Advanced Search

Home > Journals > Minerva Pneumologica > Past Issues > Minerva Pneumologica 2014 September;53(3) > Minerva Pneumologica 2014 September;53(3):105-17



A Journal on Diseases of the Respiratory System

Official Journal of the Italian Society of Thoracic Endoscopy
Indexed/Abstracted in: EMBASE, Scopus

Frequency: Quarterly

ISSN 0026-4954

Online ISSN 1827-1723


Minerva Pneumologica 2014 September;53(3):105-17


Obesity hypoventilation syndrome: the pressure for effective treatment

Piper A. J. 1, 2

1 Department of Respiratory and Sleep Medicine, Royal Prince Alfred Hospital, Camperdown, Australia;
2 Sleep and Circadian Group, Woolcock Institute of Medical Research, Glebe, NSW, Australia

The respiratory issues associated with OHS have received increasing attention over the last decade. Identifying and treating sleep disordered breathing remains the most common and effective long-term approach to reverse daytime respiratory failure in these individuals. Nevertheless, there is still insufficient data to confidently state what will be that most effective type of positive airway pressure (PAP) therapy to achieve this in any particular individual or clinical scenario. Improvements in nocturnal gas exchange and reversal of daytime respiratory failure have been reported using both continuous and bilevel modes of PAP. However, whether there are longer term benefits, clinical or fiscal, of one form of therapy over another has not been adequately evaluated. The findings from a number of larger scale, randomized studies currently near completion will provide much needed information regarding longer term outcomes arising from different forms of PAP therapy. This will assist clinicians in decision-making around the most clinical and cost effective PAP options for these individuals. However, it has become apparent that improvement or even normalisation of sleep ventilation and daytime gas exchange may have little impact on vascular and inflammatory factors underlying the high cardiometabolic abnormalities experienced by people with OHS. Identifying those with OHS early and commencing intervention before significant and multiple comorbidities develop may produce improved long-term outcomes. Effective therapy needs to look beyond sleep disordered breathing and include programs encouraging active weight loss and increased physical activity.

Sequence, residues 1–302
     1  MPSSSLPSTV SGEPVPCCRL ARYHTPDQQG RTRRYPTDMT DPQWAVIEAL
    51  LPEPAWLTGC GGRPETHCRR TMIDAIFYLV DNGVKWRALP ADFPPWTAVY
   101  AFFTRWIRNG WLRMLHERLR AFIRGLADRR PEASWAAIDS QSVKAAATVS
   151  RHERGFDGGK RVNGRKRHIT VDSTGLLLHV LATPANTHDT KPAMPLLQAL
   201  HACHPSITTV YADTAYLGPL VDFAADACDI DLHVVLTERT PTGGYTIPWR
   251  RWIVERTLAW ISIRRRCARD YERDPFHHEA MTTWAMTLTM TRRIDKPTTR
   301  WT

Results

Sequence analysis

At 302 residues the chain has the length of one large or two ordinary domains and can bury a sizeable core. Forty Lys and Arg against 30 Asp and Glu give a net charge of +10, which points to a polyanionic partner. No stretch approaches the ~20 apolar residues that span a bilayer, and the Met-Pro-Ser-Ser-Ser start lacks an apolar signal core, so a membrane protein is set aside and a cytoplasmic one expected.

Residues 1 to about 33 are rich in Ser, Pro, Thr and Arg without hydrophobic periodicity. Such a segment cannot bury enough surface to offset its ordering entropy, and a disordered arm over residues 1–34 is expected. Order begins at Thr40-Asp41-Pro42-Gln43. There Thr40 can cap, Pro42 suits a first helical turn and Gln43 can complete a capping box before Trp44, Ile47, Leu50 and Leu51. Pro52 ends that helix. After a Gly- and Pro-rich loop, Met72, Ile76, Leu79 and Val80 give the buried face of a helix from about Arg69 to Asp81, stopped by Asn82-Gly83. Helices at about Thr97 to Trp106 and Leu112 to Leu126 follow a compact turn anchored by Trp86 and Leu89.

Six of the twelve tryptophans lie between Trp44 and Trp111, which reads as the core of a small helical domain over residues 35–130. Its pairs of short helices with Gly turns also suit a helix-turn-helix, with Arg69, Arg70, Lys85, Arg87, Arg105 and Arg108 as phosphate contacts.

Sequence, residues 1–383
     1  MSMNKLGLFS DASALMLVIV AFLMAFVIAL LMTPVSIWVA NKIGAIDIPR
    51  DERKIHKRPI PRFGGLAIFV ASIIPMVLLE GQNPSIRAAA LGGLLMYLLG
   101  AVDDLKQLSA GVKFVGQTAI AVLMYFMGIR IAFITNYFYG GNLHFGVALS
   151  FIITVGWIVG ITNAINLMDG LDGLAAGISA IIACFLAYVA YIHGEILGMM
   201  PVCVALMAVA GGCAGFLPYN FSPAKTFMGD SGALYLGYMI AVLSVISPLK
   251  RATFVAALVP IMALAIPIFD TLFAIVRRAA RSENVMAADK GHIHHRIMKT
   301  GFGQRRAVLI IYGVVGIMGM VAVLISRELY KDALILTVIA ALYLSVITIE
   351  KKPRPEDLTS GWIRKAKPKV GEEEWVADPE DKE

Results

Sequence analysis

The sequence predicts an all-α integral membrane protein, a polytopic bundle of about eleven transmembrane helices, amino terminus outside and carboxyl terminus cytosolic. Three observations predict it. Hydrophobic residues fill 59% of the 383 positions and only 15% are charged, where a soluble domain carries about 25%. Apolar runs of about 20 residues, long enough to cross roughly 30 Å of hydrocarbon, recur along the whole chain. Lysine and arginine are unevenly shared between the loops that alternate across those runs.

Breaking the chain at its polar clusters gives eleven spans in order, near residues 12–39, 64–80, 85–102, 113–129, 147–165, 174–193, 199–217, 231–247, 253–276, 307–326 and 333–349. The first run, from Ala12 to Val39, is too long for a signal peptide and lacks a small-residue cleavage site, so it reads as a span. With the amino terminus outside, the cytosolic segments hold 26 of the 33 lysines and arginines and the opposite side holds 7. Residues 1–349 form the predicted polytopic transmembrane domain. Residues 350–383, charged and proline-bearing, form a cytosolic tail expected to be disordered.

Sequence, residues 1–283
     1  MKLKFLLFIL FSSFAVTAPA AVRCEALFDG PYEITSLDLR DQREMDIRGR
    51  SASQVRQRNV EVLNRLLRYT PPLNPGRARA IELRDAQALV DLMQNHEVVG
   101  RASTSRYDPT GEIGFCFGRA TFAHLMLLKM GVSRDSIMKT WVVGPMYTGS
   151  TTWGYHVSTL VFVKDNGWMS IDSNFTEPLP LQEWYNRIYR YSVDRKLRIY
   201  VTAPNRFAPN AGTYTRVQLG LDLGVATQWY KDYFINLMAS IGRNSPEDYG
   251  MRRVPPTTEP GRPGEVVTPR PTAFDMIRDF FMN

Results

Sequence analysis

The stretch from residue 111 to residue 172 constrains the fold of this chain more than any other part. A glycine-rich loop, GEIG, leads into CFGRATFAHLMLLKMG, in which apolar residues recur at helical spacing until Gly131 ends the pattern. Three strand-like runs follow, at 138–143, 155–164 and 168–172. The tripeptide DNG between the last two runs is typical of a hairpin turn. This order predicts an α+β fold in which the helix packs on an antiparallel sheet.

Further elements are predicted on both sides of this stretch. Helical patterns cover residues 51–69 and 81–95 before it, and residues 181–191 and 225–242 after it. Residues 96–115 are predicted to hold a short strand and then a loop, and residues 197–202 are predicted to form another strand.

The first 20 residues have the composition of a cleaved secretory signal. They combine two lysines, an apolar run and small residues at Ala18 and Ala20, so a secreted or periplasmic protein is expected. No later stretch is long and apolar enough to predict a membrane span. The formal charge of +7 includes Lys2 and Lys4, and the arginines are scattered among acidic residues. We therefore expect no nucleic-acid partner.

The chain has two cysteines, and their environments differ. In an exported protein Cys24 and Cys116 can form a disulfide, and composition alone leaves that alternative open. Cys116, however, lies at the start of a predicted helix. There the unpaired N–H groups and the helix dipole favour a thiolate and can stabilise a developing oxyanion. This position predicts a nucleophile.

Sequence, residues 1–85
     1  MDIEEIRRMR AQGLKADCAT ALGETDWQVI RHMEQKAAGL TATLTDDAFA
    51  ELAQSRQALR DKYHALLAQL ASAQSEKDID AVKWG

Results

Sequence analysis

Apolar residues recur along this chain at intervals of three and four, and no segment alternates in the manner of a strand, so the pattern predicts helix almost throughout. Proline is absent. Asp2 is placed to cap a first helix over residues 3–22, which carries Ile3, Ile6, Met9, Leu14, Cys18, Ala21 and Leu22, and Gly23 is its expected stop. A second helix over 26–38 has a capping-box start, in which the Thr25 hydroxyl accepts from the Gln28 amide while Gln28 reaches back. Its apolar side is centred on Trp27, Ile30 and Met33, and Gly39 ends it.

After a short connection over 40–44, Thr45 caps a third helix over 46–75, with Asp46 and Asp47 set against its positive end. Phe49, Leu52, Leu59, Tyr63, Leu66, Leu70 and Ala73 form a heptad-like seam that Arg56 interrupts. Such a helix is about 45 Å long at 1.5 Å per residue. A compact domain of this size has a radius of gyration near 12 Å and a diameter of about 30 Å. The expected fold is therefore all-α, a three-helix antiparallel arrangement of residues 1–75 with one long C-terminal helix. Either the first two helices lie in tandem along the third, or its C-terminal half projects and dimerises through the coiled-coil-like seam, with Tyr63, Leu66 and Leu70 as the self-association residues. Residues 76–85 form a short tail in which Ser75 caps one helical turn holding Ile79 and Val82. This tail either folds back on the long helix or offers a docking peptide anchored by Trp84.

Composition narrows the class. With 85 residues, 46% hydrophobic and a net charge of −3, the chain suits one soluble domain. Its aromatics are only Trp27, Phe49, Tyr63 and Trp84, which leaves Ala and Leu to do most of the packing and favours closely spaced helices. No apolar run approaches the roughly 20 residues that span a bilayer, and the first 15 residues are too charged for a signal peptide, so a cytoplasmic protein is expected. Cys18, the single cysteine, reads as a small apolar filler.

language: English


top of page